I recently installed Guest Additions in my Windows 7 Virtual Machine because I could not stand working without widescreen and high resolution.
I have read somewhere that this could be a possible vulnerability that an attacker could use to enter the host system but I guess this risk I will take.

I am wondering if I imported my sensitive password safe files into my host system and later overwrite them using Eraser ( >30 Gutmann Passes) what a data forensic could do with the information he finds on my hard drive.

I think he would see that there are some segments on the hard drive that have been overwritten. I have a second cloud account containing a keepassfile with non sensitive data prepared to feed to those people in that case.

One problem I see is that the size of my keepassfile that I keep on a second cloud account containing non sensitive data is smaller than my sensitive keepassfiles. Furthermore my sensitive keepassfiles consist more than one file (I could change that of course by compressing them to a zip file or build one keepassfile out of the three).

I don't know if it would be better for me to continue like I do at the moment which means downloading my keepassfiles from a cloud server inside my virtual machine or if I should change my routine to downloading the files from the cloud server into my host system and use the shared clipboard function of Virtual Box to import each password string into the guest machine. Security-wise, I came to the conclusion that it would be better to copy and paste the files from the host machine into the virtual machine using a shared clipboard because if a homepage I visit exploits any browser vulnerabilities I would maybe get an alert from my antivirus and could roll the machine back to an earlier state without getting my keepasfiles lying on my host system infected/stolen.

The only problem I see is the plausible deniability factor.

If an adversary with data forensic skills would gain physical access to my machine and finds traces of the files I wiped after a session which differ in size from my "fake files" lying on my second cloud account he could start asking questions.

What I did for some time was reading the password in one virtual machine and typing it in into the virtual machine that I use for browsing but after a while it gets extremely annoying.

What are your thoughts regarding the improvement of security of my setup, and the plausible deniability and security of my keepassfiles?

Regarding the fact that I posted it anonymously I am not too concerned about the fact I did and also the fact that there are billions of people having the need for hiding their files for a lot of different reasons. I just want to know if sizewise the files must be the same if I wipe them with eraser. I am not talking about an NSA kind of threat model because they would maybe just enter my apartment when I am away, put cams and microphones everywhere and just watch me.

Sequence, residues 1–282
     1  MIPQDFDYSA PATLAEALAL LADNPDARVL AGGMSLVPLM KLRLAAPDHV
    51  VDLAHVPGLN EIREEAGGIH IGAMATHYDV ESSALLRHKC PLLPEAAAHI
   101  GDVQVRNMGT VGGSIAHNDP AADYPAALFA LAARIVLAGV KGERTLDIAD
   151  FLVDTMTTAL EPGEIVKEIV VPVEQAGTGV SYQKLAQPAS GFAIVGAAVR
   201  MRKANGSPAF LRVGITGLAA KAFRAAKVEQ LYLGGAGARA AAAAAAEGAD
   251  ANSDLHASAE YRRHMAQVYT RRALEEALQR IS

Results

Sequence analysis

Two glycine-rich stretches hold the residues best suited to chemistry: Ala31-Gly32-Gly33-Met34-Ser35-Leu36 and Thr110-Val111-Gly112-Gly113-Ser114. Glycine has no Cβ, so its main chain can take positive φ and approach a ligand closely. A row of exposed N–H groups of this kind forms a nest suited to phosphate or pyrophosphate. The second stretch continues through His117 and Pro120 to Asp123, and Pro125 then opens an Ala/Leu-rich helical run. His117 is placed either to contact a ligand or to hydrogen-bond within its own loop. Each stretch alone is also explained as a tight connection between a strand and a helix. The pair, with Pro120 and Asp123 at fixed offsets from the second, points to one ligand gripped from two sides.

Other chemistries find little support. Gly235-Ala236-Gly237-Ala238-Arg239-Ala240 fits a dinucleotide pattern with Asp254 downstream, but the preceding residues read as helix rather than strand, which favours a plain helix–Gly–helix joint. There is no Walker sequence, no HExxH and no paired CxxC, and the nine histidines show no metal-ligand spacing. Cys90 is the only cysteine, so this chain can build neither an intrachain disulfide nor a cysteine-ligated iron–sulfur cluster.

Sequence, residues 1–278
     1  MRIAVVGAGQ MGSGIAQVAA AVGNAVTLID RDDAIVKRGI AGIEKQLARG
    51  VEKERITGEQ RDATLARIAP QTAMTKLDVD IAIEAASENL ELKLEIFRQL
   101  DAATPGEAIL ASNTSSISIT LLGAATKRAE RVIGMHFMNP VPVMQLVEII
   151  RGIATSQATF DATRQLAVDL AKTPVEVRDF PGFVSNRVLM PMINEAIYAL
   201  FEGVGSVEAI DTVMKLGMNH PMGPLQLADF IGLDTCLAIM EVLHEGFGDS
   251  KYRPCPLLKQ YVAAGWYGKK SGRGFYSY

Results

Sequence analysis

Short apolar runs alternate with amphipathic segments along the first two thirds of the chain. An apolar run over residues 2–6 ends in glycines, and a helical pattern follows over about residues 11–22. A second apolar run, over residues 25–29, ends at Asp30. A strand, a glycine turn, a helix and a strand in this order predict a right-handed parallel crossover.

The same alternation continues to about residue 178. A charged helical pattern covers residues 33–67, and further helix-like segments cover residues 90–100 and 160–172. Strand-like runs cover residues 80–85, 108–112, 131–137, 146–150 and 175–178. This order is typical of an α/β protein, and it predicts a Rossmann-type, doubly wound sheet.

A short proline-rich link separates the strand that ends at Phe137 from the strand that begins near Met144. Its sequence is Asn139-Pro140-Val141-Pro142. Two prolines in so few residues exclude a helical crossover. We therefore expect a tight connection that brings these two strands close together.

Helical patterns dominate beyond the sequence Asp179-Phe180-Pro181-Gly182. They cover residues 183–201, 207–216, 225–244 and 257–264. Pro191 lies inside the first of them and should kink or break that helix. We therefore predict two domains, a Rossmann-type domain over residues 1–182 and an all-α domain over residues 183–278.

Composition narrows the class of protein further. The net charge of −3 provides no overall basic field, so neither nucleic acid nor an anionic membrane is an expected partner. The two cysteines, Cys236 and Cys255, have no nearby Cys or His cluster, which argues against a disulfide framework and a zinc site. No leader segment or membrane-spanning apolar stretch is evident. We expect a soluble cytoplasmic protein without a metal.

I need deniability because the secret keepassfile contains data I don't want anybody to know about. So in case somebody with data forensic skills would ask me I can show him another file that also contains maybe sensitive data but not too sensitive and that guy is fed and happy.

  • Except that you announced to the world that you have those files by posting on this site? :)
    – schroeder
    Aug 21, 2014 at 1:24
  • 1
    why do you need deniability for a password file?
    – schroeder
    Aug 21, 2014 at 1:25
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    I have tried to make your question readable, and incorporate the additional information you gave in comments. Hopefully the highlighted line is the question you meant to ask. Personally, I can't imagine that your threat model requires anything like this degree of complexity.
    – Rory Alsop
    Aug 21, 2014 at 14:22
  • @schroeder - in some jurisdictions (notably the UK), you can be required by law to hand over a password if you have it, however it must first be proven that you posses it - thus the need for deniability. This is a public question, it can benefit others, not just the OP, who is now arguably being watched. Aug 21, 2014 at 14:57
  • So, this boils down to a question of how to pass off a 2nd file as the original and how to maintain the 2nd file as the original changes?
    – schroeder
    Aug 21, 2014 at 18:02

1 Answer 1


I think you need to decide what your threat model is: things like who your opponent is, what capabilities they've got, what information you need to keep secret, and so on. It sounds like you're applying security-related techniques you've heard of without understanding what those techniques do or why you should (or shouldn't) use them.

The precautions needed for dealing with a "nosy little brother" threat are different from those for a "foreign intelligence agency" threat. In the first case, simply keeping your secret information hidden is good enough; in the latter, you need to keep the fact that you have a secret hidden, so they won't be tempted to beat it out of you.


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